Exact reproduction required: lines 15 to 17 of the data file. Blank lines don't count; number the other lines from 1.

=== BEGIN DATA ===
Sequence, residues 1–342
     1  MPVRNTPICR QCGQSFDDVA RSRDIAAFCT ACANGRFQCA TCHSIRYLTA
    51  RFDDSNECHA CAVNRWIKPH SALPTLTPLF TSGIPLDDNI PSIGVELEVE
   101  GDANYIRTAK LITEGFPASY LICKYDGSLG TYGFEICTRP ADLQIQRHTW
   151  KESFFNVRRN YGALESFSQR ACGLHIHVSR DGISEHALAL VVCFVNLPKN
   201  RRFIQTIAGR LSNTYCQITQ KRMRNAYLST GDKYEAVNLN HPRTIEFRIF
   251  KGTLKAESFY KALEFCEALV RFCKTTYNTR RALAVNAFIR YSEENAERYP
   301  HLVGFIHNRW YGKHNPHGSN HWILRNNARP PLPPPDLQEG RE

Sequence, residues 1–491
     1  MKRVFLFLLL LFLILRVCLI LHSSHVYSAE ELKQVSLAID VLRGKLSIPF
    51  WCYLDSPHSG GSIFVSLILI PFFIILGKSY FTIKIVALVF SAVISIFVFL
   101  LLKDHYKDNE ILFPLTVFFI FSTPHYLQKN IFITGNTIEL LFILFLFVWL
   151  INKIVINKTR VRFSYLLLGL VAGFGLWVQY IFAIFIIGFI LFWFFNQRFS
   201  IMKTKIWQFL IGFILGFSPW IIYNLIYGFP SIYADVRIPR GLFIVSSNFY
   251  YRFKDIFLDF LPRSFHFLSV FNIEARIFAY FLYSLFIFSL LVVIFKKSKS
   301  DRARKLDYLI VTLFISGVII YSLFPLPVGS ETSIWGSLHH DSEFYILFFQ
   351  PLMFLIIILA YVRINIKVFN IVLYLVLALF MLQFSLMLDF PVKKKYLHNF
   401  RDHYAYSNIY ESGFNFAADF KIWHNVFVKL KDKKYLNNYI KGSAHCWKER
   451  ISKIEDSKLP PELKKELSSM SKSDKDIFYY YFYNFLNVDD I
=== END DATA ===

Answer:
   251  YRFKDIFLDF LPRSFHFLSV FNIEARIFAY FLYSLFIFSL LVVIFKKSKS
   301  DRARKLDYLI VTLFISGVII YSLFPLPVGS ETSIWGSLHH DSEFYILFFQ
   351  PLMFLIIILA YVRINIKVFN IVLYLVLALF MLQFSLMLDF PVKKKYLHNF